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    Archive for the ‘energy bars’ Category

    FIber in a Flash

    In the past, I have expressed my distaste at popular energy/protein bars, blasting their high levels of saturated fat, sodium, and added sugars (not to mention all the unnecessary extra calories they add to your day!)

    Conversely, I have sung the praises of deliciously nutrition real food bars like Lara, Pure, and Clif Nectar.

    I am now happy to grant the “Small Bites Seal of Approval” to gnu High Fiber Bars!

    Apart from an impressive twelve grams of fiber, gnu bars provide 130-150 calories, 3 grams of fat, 0 grams of saturated and trans fats, and a practically non-existent 65 milligrams of sodium.

    While being extremely pleasing to the palate certainly helps, they are also free of high fructose corn syrup, hydrogenated oils, and nasty-tasting sugar alcohols.

    PS: Their brand-new peanut butter flavor is my favorite!


    Numbers Game: Answer

    According to market research published in the Nutrition Business Journal, nutrition bars accrued sales of $ 2 billion in 2005.

    Although promises of energy, weight maintenance, fat burning, and healthy eating abound, many of these bars fall short and might as well be Crunch Bars with added vitamins.

    Find out who the winners and losers are in a special round-up to be posted very soon.


    Numbers Game: Money Bars

    According to market research published in the Nutrition Business Journal, nutrition bars accrued sales of $ ______________ in 2005.

    a) 2 billion
    b) 20 million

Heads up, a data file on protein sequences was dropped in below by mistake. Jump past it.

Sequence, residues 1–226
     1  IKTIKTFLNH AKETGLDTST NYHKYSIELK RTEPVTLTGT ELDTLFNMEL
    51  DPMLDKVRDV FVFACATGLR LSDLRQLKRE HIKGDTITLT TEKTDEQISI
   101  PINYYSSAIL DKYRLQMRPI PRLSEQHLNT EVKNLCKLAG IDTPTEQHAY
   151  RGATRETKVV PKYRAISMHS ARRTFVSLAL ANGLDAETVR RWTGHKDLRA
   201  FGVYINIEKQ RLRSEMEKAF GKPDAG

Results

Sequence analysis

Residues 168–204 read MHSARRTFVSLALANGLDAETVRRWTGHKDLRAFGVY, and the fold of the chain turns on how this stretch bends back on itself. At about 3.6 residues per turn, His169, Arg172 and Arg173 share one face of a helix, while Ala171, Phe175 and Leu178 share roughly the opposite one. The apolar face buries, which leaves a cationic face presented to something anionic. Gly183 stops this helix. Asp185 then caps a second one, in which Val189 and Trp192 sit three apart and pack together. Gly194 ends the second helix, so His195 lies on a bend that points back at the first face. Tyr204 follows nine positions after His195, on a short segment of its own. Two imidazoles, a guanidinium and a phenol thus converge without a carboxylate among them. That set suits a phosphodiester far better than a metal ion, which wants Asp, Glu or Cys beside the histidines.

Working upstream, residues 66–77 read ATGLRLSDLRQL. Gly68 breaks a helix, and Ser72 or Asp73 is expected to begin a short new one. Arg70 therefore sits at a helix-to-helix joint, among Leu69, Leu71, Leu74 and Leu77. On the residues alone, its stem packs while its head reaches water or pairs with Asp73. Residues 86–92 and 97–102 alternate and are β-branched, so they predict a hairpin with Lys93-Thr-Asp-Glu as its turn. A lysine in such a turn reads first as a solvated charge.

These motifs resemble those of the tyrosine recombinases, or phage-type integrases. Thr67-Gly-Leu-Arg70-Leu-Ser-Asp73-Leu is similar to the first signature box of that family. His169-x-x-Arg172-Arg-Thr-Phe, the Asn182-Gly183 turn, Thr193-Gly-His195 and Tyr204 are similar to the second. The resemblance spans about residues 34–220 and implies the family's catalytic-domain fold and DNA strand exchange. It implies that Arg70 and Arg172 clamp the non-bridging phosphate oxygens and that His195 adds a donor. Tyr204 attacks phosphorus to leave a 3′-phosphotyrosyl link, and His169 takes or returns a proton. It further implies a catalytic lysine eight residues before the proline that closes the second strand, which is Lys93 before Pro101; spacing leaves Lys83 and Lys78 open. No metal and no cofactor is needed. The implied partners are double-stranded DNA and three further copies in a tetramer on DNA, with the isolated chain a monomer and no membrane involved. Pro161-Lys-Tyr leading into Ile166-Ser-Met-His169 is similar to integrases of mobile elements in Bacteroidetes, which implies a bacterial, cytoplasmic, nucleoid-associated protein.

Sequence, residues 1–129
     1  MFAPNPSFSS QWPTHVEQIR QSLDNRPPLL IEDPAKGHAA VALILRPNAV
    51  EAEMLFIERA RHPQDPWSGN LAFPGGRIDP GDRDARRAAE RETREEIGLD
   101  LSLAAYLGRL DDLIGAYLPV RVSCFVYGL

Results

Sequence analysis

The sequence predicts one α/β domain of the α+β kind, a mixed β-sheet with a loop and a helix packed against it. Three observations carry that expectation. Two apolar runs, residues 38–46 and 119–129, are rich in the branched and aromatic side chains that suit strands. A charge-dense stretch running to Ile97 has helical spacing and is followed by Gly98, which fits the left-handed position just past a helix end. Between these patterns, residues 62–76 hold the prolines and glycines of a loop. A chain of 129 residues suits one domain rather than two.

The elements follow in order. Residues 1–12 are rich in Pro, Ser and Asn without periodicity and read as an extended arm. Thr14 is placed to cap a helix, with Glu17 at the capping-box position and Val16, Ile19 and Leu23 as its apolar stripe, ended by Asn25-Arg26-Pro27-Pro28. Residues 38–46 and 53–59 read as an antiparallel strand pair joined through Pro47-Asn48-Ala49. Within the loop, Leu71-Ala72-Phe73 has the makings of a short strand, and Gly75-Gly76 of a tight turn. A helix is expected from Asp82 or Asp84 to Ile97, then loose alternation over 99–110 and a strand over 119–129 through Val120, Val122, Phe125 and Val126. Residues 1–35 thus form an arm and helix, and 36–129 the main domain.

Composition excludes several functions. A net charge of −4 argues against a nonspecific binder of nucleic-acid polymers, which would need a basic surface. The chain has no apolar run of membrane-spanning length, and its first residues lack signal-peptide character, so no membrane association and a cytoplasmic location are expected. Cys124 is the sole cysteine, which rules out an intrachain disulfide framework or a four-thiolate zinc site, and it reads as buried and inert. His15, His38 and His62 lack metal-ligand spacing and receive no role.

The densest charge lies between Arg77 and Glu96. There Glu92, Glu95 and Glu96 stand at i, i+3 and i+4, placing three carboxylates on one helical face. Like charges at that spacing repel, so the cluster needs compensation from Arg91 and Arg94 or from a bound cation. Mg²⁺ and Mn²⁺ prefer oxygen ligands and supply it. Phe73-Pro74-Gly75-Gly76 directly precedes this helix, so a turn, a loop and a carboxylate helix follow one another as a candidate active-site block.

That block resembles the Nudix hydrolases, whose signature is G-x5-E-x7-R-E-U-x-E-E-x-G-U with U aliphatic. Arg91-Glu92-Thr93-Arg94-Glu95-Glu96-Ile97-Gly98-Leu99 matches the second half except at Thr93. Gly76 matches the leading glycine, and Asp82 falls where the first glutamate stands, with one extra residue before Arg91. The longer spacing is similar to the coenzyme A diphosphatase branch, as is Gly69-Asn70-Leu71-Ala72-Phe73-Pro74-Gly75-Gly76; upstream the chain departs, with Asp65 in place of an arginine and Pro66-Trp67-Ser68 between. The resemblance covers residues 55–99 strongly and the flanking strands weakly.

c) 60 million
    d) 10 billion

    Leave your guess in the “comments” section and come back on Tuesday for the answer, as well as a special report on which bars can truly call themselves “nutritious” and which belong in a vending machine alongside Butterfingers and M&M’s.


    Quick Tricks: Cutting Down on Sugar

    The average adult in the United States downs between 20 and 25 teaspoons of added sugar a day, severely exceeding the recommended maximum of 10 teaspoons (40 grams).

    Below, some tips to cut down on added sugar without sacrificing taste.

    * When buying canned fruit, make sure it is packed in its own juices rather than an artificial, heavy syrup. Remember, fructose, the naturally-occurring sugar in fruit does not deserve the same concern as processed, refined sugar. You save: 8 grams/2 teaspoons of added sugar.

    * Have regular Cheerios for breakfast and add your own dried fruits and nuts to it, rather than pouring a bowl of Honey Nut Cheerios. You save: 8 grams/2 teaspoons of added sugar per cup of cereal.

    * Forego packaged salad dressings for homemade vinaigrettes (combine vinegar, the oil of your choice, and any spices and herbs that suit your mood). You save: 10 grams/2.5 teaspoons of added sugar).

    * Add your own toppings (raising, nuts, cinnamon, pumpkin pie spice, vanilla extract) to plain oatmeal rather than purchasing flavored oatmeal packets. You save: 12 grams/3 teaspoons of added sugar.

    * When craving chocolate, have a serving of one comprised of 85% cocoa, rather than milk chocolate. You save: 17 grams/4 teaspoons of added sugar.

    * Buy plain yogurt and add your own fresh fruit to it, rather than purchasing flavored yogurt. You save: 20 grams/5 teaspoons of added sugar.

    * When looking to quench your thirst, have a glass of flavored seltzer rather than one of regular soda. You save: 32 grams/8 teaspoons of added sugar.

    * In a rush and need a snack bar? Forget Zone bars (17 grams/4 teaspoons of added sugar), Power Bars (18 grams/4.5 teaspoons of added sugar), and Luna Bars (11 grams/3 teaspoons of added sugar). Instead, reach for Lara Bars or Clif Nectar Bars (most of which have 0 grams of added sugar, or at most, 2 or 3 grams — less than 1 teaspoon!)

    Remember, low sugar does not always mean low calorie! Always read food labels to determine how many calories you are getting. It is still possible to overeat without having too much sugar, but a lower intake is better for our overall health.


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